TSS: These molecular machines can be used for pharmaceuticals, for example. What other purposes might they serve?

BF: It is very early days for molecular machines. This is a fundamental science. I often feel like a baby taking the first steps and trying to walk and maybe in the future it can run a marathon.

Now people around the world, including our group, are working on self-healing material. When you scratch your finger, it heals itself after a few days, but when you scratch your mobile phone, you have to buy a new coating. If it has this kind of machine-type moving function, you can imagine that it repairs itself because it moves molecules and clicks them together again.

We can also think about a tiny robot that can deliver the drug in your body or maybe carry out a repair or about self-cleaning windows.

TSS: When do you think such materials will become common?

BF: In China, they are now preparing the first self-cleaning window experimentally. Lots of people are working on self-repairing materials. Maybe 10 years from now, you can make a coating that will repair itself with just one wipe when scratched. This means, if you scratch your car, you will not have to go to the garage in future. But it is difficult to predict. Nobody would have predicted in the 1950s that we would have smartphones today.

TSS: Did the nanocar you built really drive?

BF: It could move, not very straight but autonomously. We wanted to show that by rotation you can move something forward. We had a discussion with my students, and they said: Let’s build a nano-car. We built a four-wheel drive. And it worked.

TSS: If we enlarged it, would it look like a real car with wheels?

BF: No. In your body, there are many nanomachines and transporters. And they don’t look like a car at all.

TSS: At your lecture at Comenius University you used an example about a pigeon and an airplane. Both fly but they use completely different mechanisms. Is this the way scientists usually think?

BF: In science you think about opportunities. Think about smartphones. Inside of each is a computer and it can get all kinds of information and it can do calculations and translations. It isn’t engineered like your brain, but it works perfectly. It is the same as with a plane, which does it job perfectly.

Scientists think about designing new materials and how could they be used. It doesn’t necessarily have to be the same as the nature does it. But we can learn from nature and then use molecules and materials and built new ones. At the end it is all based on Mother Earth and what we have around us because there’s nothing else to use. But we should use it in a way that doesn’t destroy our world. Everybody likes to drive, fly and use computers. Our mission is to do this better and keep ourselves flying and using computers even hundred years from now. If we are smart enough, we can do it.

TSS: What are the biggest challenges in chemistry today?

BF: One of the challenges is how to recycle materials. Can we use our plastics again? That means we have to go back to the components, purify and use them again, without burning or throwing them away. That is not so easy. A second important aspect is how to carry out our chemical process, the way we make things in a more efficient way, i.e. use less energy, generate less waste or make better products. When you have a new pharmaceutical, it works for maybe 70 percent of the people. If we get a much better understanding of what happens between molecules, how the molecules communicate, we can make more effective drugs. There are many of these challenges where nanotechnology can be used.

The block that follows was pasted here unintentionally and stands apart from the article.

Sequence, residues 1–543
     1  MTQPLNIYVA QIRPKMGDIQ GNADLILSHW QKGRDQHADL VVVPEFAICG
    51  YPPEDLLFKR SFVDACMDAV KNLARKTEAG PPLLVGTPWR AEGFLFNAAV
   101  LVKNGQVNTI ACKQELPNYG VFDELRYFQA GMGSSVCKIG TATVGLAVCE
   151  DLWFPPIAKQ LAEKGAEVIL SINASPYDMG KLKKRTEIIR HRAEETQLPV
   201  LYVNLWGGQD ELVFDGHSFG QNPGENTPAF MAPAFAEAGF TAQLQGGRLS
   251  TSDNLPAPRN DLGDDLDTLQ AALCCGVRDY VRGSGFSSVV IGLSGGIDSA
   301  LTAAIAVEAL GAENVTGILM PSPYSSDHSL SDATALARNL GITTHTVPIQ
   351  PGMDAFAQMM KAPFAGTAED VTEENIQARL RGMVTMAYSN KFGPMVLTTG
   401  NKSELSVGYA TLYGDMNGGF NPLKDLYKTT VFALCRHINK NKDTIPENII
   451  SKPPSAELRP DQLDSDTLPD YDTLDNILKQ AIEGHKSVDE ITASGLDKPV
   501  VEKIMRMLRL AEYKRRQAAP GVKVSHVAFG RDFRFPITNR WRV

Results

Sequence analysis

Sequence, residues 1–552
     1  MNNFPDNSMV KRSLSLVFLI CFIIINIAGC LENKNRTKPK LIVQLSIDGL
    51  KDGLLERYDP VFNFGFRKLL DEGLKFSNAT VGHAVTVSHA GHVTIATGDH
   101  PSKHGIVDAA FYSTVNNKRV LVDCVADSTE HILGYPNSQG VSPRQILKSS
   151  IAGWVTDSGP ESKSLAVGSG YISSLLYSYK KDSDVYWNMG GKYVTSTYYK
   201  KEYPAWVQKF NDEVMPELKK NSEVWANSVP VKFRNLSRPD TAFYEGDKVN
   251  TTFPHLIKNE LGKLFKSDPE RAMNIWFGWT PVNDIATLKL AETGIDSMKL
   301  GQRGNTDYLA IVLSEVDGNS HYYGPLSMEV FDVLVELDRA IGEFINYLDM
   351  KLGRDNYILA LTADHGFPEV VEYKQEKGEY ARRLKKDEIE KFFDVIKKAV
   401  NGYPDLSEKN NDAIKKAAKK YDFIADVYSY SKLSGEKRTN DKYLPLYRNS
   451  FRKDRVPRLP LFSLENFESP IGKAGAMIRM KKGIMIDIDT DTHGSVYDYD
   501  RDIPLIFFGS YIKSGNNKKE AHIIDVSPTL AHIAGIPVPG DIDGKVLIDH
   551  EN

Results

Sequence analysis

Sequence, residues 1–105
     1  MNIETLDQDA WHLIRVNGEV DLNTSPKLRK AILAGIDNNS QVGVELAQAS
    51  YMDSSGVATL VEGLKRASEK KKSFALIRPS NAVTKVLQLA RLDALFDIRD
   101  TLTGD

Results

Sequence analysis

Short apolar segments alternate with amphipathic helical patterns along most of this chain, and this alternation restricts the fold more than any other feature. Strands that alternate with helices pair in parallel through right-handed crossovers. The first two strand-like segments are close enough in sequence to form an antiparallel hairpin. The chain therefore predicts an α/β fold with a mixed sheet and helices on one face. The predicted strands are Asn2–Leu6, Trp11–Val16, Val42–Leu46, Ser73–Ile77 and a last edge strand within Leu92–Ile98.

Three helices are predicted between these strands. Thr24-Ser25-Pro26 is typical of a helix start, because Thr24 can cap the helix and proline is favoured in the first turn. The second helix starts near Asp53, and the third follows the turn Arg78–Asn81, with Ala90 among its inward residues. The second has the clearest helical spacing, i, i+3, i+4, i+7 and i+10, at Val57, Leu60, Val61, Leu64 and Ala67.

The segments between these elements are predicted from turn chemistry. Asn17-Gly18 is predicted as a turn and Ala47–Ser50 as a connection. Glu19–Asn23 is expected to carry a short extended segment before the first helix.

TSS: Are young people interested in science or in chemistry?

BF: I get a lot of possible feedback when I go to schools. Of course, not everybody will be a scientist. Sometimes children ask me: “What should I do?” There is not one rule. I always say that I don’t know how to make their choices but I advise them to follow their dreams. Every kid is talented. One is talented to become a journalist or a teacher or to work at a company. You should follow your talent even if it’s difficult. But you should get that good feeling from it like you did something great. If you never get that feeling, you can’t be passionate about your work.

TSS: You will also have a Slovak student in your group.

BF: It’s wonderful when you have students from other countries. They come from Slovakia, Japan, China, America and they are all working together in one team or institute. They challenge each other, but they also learn from each other about different cultures. This is the beauty of community at universities and I enjoy it very much.

TSS: Sometimes it takes years to make a discovery. Do you get exhausted or burn out?

BF: I never burn out because I get energy from my students. If you cannot stand uncertainty or frustration, never become a scientist. Science is often a hard struggle and you need room for failures because you learn a lot from them. If everything goes perfect in school and later in life you face failure, you will become frustrated. You have to learn how to handle failure and learn from it. It’s like climbing the High Tatras: in the middle you realize that you have to climb hundreds of metres more. But at the top of the mountain you feel great that you did it.